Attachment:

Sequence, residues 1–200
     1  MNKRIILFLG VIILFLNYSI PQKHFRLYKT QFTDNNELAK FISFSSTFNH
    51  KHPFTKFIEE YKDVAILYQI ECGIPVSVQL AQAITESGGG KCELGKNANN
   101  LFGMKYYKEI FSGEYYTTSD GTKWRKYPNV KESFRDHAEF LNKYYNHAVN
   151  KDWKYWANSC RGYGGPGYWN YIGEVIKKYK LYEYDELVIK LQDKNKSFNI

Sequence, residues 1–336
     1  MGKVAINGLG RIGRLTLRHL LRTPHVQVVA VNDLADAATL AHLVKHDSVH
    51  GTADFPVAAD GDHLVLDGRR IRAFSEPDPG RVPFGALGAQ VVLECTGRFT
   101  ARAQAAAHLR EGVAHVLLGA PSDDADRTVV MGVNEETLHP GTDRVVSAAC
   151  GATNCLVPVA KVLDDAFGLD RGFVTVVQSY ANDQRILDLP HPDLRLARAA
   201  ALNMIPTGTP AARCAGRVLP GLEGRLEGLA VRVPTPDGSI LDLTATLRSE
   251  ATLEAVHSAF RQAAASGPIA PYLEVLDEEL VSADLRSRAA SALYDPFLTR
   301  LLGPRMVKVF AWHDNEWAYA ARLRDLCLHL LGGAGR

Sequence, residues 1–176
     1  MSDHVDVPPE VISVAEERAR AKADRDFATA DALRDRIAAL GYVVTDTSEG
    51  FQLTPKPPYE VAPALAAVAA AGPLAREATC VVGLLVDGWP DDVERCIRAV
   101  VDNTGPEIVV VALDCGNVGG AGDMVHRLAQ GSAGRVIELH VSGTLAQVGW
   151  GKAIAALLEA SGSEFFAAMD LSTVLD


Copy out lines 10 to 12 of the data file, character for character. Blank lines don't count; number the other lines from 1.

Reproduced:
   151  GATNCLVPVA KVLDDAFGLD RGFVTVVQSY ANDQRILDLP HPDLRLARAA
   201  ALNMIPTGTP AARCAGRVLP GLEGRLEGLA VRVPTPDGSI LDLTATLRSE
   251  ATLEAVHSAF RQAAASGPIA PYLEVLDEEL VSADLRSRAA SALYDPFLTR